Sullivan Business Psychologists
I’m not a leader; I know it, they know it… and you can’t make me into one!

The quote above is from a delegate who went on to be a great success in his new role, (and he still laughs when we remind him of what he said). But, ‘No!’, merely being the boss of 250 people does not automatically qualify someone as a leader.

We tend to work with executives on their leadership issues through an extended process, where there is mutual understanding and respect, and where we earn the privilege of being able to tell people ‘what their best friend wouldn’t’. It may be a first time experience for an executive moving to a role with a significant people management demand, or it may be that an established leader feels the need to expand their range of styles, approaches, and perspectives, or to raise their game significantly before moving into a Divisional Director or CEO role.

Leadership of people – as opposed to managing people – can often come suddenly. It can be a shock for executives who have advanced quickly through their careers and been constantly challenging the decisions of those running the company, to be promoted to the Board and then wake up one morning and think, “Now what am I going to do?….. From now on, I am the boss!”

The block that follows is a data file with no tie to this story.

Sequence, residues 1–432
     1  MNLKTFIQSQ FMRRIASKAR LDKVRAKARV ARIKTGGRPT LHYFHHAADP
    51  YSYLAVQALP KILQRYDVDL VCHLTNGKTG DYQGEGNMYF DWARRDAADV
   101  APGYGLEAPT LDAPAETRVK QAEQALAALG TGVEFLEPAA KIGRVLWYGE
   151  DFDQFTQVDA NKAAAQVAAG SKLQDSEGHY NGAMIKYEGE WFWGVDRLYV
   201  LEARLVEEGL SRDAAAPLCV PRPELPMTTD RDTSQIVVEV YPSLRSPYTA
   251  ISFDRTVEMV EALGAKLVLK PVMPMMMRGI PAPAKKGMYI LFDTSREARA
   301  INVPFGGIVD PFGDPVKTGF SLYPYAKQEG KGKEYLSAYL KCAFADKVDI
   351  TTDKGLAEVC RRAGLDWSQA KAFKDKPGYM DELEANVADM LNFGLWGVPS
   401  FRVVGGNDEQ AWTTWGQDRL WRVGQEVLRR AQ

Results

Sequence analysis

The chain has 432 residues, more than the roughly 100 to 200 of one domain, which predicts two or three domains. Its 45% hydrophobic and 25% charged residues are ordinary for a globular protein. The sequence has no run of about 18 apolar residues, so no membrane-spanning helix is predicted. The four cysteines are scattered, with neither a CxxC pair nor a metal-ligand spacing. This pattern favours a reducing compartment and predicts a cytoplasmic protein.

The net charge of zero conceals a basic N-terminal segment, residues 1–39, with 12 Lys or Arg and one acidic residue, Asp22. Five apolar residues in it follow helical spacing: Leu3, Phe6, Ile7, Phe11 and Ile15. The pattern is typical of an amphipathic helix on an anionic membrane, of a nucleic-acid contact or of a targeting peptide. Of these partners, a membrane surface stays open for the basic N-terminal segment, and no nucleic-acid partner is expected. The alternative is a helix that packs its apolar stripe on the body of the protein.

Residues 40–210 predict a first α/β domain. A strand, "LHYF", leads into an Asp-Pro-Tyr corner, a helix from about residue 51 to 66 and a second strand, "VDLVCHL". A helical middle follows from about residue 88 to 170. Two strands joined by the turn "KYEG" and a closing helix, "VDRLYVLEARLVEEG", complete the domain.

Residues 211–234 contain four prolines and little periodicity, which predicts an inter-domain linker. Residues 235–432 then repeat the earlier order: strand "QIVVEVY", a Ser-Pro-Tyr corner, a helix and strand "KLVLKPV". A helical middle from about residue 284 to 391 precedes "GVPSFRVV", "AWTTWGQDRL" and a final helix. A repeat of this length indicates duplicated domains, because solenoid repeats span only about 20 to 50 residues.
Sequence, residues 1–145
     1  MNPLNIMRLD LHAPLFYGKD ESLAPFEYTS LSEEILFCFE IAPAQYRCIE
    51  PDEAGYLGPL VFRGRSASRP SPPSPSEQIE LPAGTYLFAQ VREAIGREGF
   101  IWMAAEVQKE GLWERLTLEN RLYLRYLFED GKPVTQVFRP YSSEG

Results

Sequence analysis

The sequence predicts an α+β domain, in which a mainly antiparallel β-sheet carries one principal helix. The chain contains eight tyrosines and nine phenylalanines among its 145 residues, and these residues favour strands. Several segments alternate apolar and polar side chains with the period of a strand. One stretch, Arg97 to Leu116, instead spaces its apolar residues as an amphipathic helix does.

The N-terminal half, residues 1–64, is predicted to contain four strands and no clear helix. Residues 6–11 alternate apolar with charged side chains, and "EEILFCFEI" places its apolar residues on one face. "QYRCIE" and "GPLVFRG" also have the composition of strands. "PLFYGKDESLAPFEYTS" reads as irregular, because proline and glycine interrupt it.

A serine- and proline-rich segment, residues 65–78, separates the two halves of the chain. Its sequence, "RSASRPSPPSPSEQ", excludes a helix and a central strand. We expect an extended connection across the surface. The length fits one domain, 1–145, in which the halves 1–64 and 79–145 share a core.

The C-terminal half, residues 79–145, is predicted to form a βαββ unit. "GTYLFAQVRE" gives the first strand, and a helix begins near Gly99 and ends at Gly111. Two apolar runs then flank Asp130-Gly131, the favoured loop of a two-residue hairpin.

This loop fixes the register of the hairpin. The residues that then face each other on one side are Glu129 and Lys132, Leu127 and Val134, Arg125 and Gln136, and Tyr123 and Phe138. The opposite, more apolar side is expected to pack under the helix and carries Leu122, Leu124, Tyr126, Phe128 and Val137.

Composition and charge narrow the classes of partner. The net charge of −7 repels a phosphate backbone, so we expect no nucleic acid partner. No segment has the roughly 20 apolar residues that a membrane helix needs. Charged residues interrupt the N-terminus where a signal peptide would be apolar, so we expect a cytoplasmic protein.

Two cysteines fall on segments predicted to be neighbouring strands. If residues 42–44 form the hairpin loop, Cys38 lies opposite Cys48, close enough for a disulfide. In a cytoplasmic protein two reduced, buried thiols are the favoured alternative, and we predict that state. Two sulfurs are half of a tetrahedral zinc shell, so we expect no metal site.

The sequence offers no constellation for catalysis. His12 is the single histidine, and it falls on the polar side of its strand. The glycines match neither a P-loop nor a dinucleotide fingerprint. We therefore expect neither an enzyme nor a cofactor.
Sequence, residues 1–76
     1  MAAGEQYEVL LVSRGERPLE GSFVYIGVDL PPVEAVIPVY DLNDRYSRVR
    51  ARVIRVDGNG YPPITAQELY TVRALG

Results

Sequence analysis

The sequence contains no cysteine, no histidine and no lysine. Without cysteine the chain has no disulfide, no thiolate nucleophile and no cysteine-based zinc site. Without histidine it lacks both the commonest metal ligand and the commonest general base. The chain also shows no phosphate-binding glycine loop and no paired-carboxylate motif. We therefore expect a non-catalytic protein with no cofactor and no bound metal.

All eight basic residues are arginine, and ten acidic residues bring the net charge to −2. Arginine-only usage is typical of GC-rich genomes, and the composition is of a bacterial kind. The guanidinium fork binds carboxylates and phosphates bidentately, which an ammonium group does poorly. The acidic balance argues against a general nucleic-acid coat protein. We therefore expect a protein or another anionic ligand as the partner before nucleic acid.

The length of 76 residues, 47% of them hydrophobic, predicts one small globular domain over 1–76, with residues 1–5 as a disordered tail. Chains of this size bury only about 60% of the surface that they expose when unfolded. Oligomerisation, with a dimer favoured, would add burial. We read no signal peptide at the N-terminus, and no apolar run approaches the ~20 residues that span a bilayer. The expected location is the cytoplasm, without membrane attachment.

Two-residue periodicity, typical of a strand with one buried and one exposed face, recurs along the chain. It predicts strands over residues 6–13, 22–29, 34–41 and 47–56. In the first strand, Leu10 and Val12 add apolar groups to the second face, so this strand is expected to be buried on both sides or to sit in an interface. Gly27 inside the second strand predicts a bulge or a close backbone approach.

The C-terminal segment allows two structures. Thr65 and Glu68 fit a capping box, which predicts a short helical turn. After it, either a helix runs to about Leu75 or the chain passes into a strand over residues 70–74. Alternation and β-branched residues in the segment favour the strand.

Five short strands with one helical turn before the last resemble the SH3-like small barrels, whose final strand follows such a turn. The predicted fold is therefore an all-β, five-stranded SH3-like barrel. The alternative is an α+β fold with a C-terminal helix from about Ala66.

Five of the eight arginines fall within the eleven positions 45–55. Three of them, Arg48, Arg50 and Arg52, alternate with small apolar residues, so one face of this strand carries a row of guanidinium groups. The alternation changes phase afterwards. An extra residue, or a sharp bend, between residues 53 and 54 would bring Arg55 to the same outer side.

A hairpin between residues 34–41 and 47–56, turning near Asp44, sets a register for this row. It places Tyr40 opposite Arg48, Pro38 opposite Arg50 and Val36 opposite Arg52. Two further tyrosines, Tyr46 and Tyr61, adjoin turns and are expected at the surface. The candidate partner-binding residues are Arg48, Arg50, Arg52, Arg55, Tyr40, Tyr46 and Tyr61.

Leaders need to find the style and approach which makes the best use of their talent’s: it’s not about clones. Look around any business and you will see that quite different characteristics can make for leadership success.

Most people have seen slides portraying the differences between a leader and a manager. If everyone has seen it, why don’t they just do it?! It’s never that simple. Executives need help to make the transition. And we help businesses to identify, develop and support their leaders, to really understand leadership, yet to free people up to apply their own unique talents. Good leaders aren’t just average. They need the courage of their convictions, to articulate a vision that other will work towards, they need to earn the trust and respect of others, they also need to develop everyone who can contribute to the business’s success – indeed, also those who apparently do not!

We see our role in developing leaders as: understanding them, inspiring them, challenging/debating with them, broadening their perspective and supporting them. We provide a sounding board about the shape, culture, values and performance of their business. When appropriate we teach and tutor around such things as strategic thinking, balanced scorecards, influencing etc. – and then work on the application of all that.

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